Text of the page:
To Get His Border Wall, the President May Have to Go Through Elon Musk

Well, this is awkward.

The aspirations of SpaceX CEO Elon Musk and President Donald Trump have reportedly collided: The plot of land where the billionaire entrepreneur is constructing SpaceX’s South Texas launch site to launch the future Starship rocket stands in the way of where Trump wants to build his proposed border wall. You can check out some footage of the Texas facility in the footage above.

Musk is the landowner of the roughly 57-acre stretch of rural area in the Boca Chica Village found at the southernmost tip of Texas. Construction has been ongoing since September 2014 with the launch site scheduled to be completed sometime in 2019. But The New York Times reported Thursday that Trump’s plans would impede Starship’s future launch site if the President ever gets the project off the ground. The result would most likely result in both projects being stalled indefinitely.

Elon Musk (center) with Texas Representatie Filemon Vela (left) and Texas Governor Rick Perry (right) at the groundbreaking of SpaceX's South Texs launch site in 2014.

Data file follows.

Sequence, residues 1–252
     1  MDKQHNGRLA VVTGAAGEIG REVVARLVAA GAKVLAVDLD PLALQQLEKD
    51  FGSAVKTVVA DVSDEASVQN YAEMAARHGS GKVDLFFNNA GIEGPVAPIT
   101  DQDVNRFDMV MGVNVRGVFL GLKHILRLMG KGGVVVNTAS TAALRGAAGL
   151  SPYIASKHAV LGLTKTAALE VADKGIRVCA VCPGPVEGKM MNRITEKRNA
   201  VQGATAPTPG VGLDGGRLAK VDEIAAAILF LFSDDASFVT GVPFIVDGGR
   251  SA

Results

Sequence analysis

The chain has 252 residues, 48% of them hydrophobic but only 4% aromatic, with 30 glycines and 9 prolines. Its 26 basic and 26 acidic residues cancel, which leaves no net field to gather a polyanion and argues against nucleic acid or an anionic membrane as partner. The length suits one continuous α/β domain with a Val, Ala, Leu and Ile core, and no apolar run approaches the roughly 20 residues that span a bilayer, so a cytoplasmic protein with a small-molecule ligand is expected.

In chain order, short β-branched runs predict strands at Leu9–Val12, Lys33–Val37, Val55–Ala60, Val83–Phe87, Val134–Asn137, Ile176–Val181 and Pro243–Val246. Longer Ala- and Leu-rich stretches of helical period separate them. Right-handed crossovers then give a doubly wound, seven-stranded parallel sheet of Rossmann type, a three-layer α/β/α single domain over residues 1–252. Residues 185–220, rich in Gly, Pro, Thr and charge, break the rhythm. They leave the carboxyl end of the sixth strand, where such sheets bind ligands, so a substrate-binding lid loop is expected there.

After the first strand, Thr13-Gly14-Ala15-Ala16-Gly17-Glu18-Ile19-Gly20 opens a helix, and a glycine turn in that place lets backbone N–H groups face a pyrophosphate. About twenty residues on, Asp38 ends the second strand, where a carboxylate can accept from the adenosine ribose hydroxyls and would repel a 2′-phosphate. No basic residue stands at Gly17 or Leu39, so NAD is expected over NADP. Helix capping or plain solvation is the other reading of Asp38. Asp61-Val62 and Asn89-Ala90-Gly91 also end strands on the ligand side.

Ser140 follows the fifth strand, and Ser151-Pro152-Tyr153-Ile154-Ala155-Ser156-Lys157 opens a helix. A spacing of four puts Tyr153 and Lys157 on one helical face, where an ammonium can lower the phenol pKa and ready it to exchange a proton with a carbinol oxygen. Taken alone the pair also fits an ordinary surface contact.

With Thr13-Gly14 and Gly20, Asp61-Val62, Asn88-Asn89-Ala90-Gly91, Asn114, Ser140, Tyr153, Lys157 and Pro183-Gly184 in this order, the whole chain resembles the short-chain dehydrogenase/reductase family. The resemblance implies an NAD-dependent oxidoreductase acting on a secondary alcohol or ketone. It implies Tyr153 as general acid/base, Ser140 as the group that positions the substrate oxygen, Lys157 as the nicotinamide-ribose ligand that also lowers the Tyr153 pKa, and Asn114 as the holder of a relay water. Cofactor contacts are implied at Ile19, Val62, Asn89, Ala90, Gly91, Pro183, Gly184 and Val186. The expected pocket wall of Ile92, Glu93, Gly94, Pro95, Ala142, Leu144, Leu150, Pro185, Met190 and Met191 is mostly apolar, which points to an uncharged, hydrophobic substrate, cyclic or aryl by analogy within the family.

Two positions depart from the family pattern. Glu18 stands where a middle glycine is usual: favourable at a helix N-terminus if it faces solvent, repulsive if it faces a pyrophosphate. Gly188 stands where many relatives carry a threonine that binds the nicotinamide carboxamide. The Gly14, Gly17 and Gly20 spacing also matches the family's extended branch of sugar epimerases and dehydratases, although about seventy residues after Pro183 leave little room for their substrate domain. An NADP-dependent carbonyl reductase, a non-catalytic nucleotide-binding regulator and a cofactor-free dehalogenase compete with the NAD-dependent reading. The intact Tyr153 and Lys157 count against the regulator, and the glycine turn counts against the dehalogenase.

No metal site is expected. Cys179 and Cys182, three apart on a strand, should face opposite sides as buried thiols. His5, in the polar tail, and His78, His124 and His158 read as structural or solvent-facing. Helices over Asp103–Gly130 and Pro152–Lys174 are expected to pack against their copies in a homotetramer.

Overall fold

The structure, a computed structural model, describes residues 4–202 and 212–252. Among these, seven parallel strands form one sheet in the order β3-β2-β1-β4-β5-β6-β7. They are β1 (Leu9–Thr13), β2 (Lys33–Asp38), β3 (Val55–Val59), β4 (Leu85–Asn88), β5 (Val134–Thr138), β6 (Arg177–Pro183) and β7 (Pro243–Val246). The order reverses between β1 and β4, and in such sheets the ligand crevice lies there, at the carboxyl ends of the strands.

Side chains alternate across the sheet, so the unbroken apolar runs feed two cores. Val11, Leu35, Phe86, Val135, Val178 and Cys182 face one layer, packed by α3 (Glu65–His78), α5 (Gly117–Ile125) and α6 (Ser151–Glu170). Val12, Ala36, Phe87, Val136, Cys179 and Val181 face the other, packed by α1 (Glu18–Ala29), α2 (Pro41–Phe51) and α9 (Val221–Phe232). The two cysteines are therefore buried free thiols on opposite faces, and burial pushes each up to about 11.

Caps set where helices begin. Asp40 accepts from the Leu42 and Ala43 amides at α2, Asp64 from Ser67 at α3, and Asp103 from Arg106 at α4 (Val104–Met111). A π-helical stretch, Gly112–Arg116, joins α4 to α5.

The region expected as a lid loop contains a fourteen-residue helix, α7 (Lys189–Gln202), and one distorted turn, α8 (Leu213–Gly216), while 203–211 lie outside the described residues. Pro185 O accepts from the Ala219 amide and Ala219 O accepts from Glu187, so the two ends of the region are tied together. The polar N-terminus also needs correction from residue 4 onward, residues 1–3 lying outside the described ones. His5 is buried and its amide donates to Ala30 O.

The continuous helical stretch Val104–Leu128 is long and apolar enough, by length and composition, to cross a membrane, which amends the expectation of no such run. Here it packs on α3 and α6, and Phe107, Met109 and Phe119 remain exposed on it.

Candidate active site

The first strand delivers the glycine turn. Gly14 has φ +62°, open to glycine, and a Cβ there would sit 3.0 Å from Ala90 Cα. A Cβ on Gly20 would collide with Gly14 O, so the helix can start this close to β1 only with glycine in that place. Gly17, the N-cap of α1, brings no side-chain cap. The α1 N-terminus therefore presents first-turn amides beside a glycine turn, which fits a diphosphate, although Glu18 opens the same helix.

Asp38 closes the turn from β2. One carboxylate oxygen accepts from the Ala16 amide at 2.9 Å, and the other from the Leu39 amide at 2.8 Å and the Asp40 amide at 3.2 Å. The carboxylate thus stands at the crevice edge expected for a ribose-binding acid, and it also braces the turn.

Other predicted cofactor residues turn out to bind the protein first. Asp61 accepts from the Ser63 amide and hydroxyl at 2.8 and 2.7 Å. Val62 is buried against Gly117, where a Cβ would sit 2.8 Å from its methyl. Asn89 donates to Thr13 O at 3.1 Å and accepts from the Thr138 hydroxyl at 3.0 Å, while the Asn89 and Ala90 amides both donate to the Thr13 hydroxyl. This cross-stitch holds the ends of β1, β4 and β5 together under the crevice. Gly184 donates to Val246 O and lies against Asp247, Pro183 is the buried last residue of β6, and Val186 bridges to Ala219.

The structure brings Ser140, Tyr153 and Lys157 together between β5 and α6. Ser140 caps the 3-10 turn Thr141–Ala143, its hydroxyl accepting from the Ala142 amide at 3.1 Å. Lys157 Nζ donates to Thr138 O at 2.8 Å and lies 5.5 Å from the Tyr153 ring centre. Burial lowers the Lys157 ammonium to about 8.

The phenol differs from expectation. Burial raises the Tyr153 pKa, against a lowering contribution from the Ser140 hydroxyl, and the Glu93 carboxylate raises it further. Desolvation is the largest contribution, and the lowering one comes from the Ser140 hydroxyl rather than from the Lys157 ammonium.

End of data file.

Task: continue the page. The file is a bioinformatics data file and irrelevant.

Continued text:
David Pike/Valley Morning Star, via Associated Press

Read More: Everything We Know About SpaceX’s Starship, Elon Musk’s Massive Mars Rocket

If Congress approves Trump’s requested $5 billion in funding for a wall, seizing Musk’s private property would be the next hurdle before construction could commence. The U.S. government has already begun seizing private property in Southern Texas last June through the process of eminent domain, but this process can still be further stalled through the courts. If the Feds do attempt to acquire Musk’s plot of land, he would most likely sue and stall any further actions (this also assumes Musk doesn’t want to sell).

SpaceX has reportedly had conversations with Customs and Border Protection and its parent agency, the Department of Homeland Security. A company spokesperson told The New York Times the both agencies requested to conduct a survey of the launch site construction zone. This could be a sign for action to come.

Even though the Trump administration has unveiled wall prototypes around the San Diego border, the future of its Texas construction is not guaranteed. As it stands, Trump needs first needs to secure the funds necessary to make the wall happen.

If that falls through, it’s very likely Starship will be perched in Southern Texas, not a border wall.

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